June 16 2016
Manitoba Museum, long under the radar, has ambitious plan for the future
Aging museum is an ongoing work in progress
By: Mary Agnes Welch, Winnipeg Free Press
Let’s get this out of the way first: no one’s going to mess with the bison.
Those iconic, wild-eyed buffalo and their oddly plastic-faced Métis hunter have for decades launched any visit to the Manitoba Museum. The diorama is one of the museum’s most beloved exhibits, along with the Nonsuch, the urban gallery of boomtown Winnipeg and the bloody seal in the darkened polar bear den. Those are why Winnipeggers feel a tremendous sense of nostalgia for the Main Street icon.
An artist’s conception of what the museum complex will look like a decade from now; a new building focusing on science and technology is planned for the parking lot on Rupert Avenue north of the current building.
But nostalgia isn’t enough to sustain a world-class regional museum, especially one whose provincial funding has flatlined for six years and whose galleries run the gamut from terrific (the new Hudson’s Bay Company fur-trade room) to boring and text-heavy (the mining and northern railway alcove) to downright hipster vintage (pretty much everything in the 1970s rumpus room that is the Arctic area.)
The Manitoba Museum has a $160-million plan — one it hasn’t really shared with Winnipeggers until now — to catapult the museum past 2020. The first phase is already underway with the expansion of Alloway Hall, where visiting exhibits, such as the recently wrapped up Real Pirates! display of sunken treasure, are located.
The next step is a targeted overhaul of the first few permanent galleries, with a new grand hall down the spine of the museum and new content focused especially on the province’s modern history of immigration and indigenous peoples. Last will be the big one — a $100-million science centre built on the vast surface parking lot just north of the museum.
Canada, and especially Winnipeg’s Canadian Museum for Human Rights, has been in the midst of a debate over what ought to be in museums — how the best and worst of our history and culture ought to be faithfully presented. But that scrutiny hasn’t yet been brought to bear on Manitoba’s regional museum.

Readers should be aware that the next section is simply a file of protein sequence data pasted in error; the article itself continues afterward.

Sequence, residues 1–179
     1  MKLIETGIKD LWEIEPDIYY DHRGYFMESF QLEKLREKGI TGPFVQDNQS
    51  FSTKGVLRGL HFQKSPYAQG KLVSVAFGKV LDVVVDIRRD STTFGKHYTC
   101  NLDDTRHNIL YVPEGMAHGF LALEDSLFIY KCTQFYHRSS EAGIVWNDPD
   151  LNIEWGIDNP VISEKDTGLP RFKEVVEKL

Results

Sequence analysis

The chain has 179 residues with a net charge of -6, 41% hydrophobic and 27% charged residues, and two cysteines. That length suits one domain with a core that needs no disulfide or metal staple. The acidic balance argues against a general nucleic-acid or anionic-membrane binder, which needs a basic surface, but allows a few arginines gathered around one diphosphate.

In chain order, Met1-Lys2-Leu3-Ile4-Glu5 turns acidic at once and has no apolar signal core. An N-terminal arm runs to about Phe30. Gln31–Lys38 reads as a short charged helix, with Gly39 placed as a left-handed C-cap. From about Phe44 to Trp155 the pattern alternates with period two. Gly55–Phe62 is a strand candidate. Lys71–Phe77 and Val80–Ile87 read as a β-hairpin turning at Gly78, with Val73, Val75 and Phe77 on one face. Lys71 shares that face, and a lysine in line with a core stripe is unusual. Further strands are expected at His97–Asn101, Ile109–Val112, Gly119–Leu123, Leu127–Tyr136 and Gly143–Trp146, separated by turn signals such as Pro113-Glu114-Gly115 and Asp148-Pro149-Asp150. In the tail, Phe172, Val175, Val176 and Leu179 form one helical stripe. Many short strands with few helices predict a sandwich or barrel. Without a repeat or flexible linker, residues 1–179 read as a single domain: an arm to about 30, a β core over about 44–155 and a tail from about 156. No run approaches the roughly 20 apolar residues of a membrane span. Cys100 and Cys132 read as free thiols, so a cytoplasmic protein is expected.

For years, the museum has flown under the radar, a financially stable, uncontroversial and too easily overlooked civic attraction.
When Winnipeg belatedly rushed to promote its tourist attractions to international visitors here for the FIFA Women’s World Cup, the Manitoba Museum rarely made the list, trumped by newer, sexier hot spots such as the polar bears at the Assiniboine Park Zoo or the human rights museum.
Now that the CMHR is open and no longer hogging capital donations, it could be the Manitoba Museum’s turn for an overhaul and a cash infusion. It would be great timing because the museum will be the fulcrum of some big birthdays in 2020.
The Hudson’s Bay Company, whose collection of fur-trade artifacts rests with the Manitoba Museum, will turn 350. The province will celebrate its 150th birthday, and the centennial-era museum itself will be 50.
In some corners, though, it’s already showing its age. On a recent tour of the museum, University of Manitoba historian Adele Perry said many of the exhibits fall into the old-school “man and nature” model. Walking through, especially in the first few galleries, she joked she almost expected to hear a 1970s documentary narrator booming “Man and his environment…” over the PA system. And, in several parts of the museum, it is just about man — not women or humans.
In addition to a few lingering references to “Indians” and the display case lumping all immigrants from Africa and Asia together are areas where the museum’s language is jarringly dated.
In some spots, Perry said, indigenous history is still seen as “before time,” before the “real” history of the province began with colonial settlers. Indigenous oral tradition is downgraded to myths and legends and the province’s urban history starts only in the 1900s, even though indigenous settlements existed long before then.